Tag: deep

We did a deep dive into #GaysForTrump so you don’t have to and here’s what we found / Queerty

We did a deep dive into #GaysForTrump so you don’t

innocentgay

This tells us nothing. You didn’t summarize, repeat, speculate, or otherwise report what you found in any other way besides giving these people free views of their bullshit and idiocy. I haven’t explored those hashtags because I don’t want to give them any engagement, and you’ve done just that without any challenge or context whatsoever, just plunk, here’s some white supremacists and self-hating minorities, and here’s what they want to say!

I’m not normally one to go in on Queerty for low-effort reporting, but come on, this is not only low effort, but actually amplification of the messages of all these deplorables.

Rewrite it with some conclusions, please.

Shana reviews The Deep by Rivers Solomon  – The Lesbrary

Susan reviews The Lady’s Guide to Celestial Mechanics by Olivia

The Deep by Rivers Solomon

The Deep is the most beautiful book that I’ve read this year. It’s a lyrical novella based on a Hugo Award-nominated science-fiction song by clipping, a hip-hop group. The Deep is a reimagined mermaid story about an underwater society descended from African women tossed overboard during the transatlantic slave trade. We learn about the culture and history of these people, the wajinru, through the eyes of Yetu, their newest Historian.

Historians are responsible for holding the memories of every wanjinru who has lived, allowing individuals to live unburdened by the trauma of their collective past, only regaining temporary knowledge of their history through a yearly magic ritual. Yetu didn’t have a choice in taking on this calling, and she is overwhelmed by the weight of so many memories. In desperation, she tries to escape her role and carve a different path, one that brings her adventure, love with a surface dwelling “two-legged” woman, and a new respect for the power of memory.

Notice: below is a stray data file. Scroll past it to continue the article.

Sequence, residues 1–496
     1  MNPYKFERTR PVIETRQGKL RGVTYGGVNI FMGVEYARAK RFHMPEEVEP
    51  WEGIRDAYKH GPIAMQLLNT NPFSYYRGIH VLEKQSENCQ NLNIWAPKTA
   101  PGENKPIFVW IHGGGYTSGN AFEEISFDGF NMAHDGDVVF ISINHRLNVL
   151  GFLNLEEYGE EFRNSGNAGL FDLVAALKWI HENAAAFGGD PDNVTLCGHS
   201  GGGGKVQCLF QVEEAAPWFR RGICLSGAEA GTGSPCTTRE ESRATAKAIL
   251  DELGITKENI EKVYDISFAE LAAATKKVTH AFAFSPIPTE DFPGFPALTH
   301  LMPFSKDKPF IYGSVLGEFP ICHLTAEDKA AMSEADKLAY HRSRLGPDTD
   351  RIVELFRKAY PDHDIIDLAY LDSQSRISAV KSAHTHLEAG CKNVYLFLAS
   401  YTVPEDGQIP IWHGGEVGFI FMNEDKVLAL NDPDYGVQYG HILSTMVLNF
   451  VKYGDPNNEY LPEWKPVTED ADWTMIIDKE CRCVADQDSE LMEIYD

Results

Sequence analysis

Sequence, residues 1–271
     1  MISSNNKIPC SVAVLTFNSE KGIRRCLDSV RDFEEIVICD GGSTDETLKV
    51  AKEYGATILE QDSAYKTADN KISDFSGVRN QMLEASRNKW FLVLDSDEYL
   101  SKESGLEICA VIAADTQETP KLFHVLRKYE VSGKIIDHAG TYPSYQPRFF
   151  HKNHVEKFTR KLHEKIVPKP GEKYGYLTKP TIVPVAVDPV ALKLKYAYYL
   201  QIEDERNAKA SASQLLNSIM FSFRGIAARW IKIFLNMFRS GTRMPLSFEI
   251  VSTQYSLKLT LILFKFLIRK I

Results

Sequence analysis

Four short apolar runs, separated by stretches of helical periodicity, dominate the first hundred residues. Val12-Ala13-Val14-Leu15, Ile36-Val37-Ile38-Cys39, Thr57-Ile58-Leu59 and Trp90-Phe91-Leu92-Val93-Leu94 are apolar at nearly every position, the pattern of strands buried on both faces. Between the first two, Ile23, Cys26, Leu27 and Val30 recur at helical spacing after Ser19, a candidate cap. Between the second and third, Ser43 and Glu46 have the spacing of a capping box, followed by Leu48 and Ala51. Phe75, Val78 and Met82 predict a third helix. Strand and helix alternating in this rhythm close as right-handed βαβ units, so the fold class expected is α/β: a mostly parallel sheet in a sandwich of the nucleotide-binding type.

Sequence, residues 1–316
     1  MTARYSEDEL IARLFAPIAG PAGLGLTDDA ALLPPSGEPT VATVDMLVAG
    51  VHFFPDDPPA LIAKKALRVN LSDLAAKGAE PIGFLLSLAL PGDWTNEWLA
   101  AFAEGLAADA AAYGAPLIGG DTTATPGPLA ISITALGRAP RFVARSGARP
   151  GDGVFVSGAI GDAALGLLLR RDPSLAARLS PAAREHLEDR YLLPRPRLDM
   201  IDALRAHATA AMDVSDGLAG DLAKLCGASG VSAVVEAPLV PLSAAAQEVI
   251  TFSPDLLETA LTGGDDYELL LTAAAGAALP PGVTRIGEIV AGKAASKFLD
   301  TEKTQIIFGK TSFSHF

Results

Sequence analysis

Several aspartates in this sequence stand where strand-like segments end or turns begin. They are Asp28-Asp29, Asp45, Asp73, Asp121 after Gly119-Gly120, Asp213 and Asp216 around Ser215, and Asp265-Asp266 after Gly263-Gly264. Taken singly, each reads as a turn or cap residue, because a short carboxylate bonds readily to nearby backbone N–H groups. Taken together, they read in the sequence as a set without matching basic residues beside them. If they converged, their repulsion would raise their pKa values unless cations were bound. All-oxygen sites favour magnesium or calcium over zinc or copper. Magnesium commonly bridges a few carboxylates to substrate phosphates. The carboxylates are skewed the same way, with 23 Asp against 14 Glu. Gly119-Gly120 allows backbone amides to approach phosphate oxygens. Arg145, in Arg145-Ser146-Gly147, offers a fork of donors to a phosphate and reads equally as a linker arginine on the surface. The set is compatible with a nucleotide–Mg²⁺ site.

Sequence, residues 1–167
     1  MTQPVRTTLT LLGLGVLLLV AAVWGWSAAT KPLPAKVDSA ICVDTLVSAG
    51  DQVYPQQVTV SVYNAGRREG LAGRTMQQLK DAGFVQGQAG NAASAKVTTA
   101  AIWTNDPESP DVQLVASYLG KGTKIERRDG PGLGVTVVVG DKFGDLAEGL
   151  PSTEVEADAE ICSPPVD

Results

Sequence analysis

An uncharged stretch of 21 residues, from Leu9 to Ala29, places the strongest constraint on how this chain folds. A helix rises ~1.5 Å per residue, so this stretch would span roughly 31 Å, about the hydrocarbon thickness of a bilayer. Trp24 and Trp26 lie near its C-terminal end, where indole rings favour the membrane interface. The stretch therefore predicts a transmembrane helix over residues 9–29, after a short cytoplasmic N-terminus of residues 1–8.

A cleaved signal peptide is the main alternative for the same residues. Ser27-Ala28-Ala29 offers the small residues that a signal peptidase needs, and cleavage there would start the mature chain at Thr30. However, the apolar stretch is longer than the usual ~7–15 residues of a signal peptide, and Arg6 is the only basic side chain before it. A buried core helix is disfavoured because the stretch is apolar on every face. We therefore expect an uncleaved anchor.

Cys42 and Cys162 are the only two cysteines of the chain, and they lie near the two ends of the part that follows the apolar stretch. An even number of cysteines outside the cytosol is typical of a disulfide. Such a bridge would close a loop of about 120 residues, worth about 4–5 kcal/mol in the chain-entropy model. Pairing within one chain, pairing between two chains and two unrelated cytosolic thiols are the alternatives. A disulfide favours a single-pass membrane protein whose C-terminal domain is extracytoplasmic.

Solomon packs a lot of eloquence into this small package and makes daring choices, like having the wanjinru appear fearsome to humans, rather than seductive sirens. The Deep feels longer than its 166 pages, in a good way. I enjoyed the wanjinru’s creative perspective on gender and relationships, and the way Solomon slowly explains the mystery of how their society came to be.

The story smoothly segues between Yetu’s present and the memories she carries. I sometimes dislike time jumps, but the inventive structure of the book made them feel seamless. However, I love complex worldbuilding and I found myself wishing for more explanation of the wanjinru’s fraught interactions with surface dwellers, alluded to through mentions of shipwrecks and oil rigs. The book’s atmospheric tone is gorgeous, but it also leaves some details to the reader’s imagination. For example, we never know exactly where in human geography Yetu is living.

The book imaginatively explores the nature and purpose of memories, generational trauma, and collective healing. It is so insightful that several times I gasped out loud while reading it. I appreciated the balance between the joy and ingenuity of the wajinru, and their painful history. I love books that use alternate history as social commentary and The Deep incorporates this with a light touch. It’s a powerful book, but also an engaging story with a sympathetic heroine. The Deep is a compelling and absorbing read that would appeal to lovers of feminist science fiction, underwater fantasy epics, or stories from the African diaspora.

What’s it like to be a gay adult film star mid-Covid? Jimmy Fowlie digs deep. / Queerty

What’s it like to be a gay adult film star

Nikki Spitz spent years priding himself on being the nastiest one in the room. Then Covid hit.

The adult industry, like so many other industries, was suddenly turned upside-down and lockdown made Spitz realize it’s pretty difficult to humiliate yourself on camera. Go on, try it; we’ll wait.

Related: WATCH: Find love in quarantine with Christine (and Jimmy Fowlie)

So Spitz, the latest sketch creation from comedian/writer Jimmy Fowlie, had to make some life changes.

Watch below, and bonus points to Fowlie for managing to squeeze in legitimately useful pandemic info: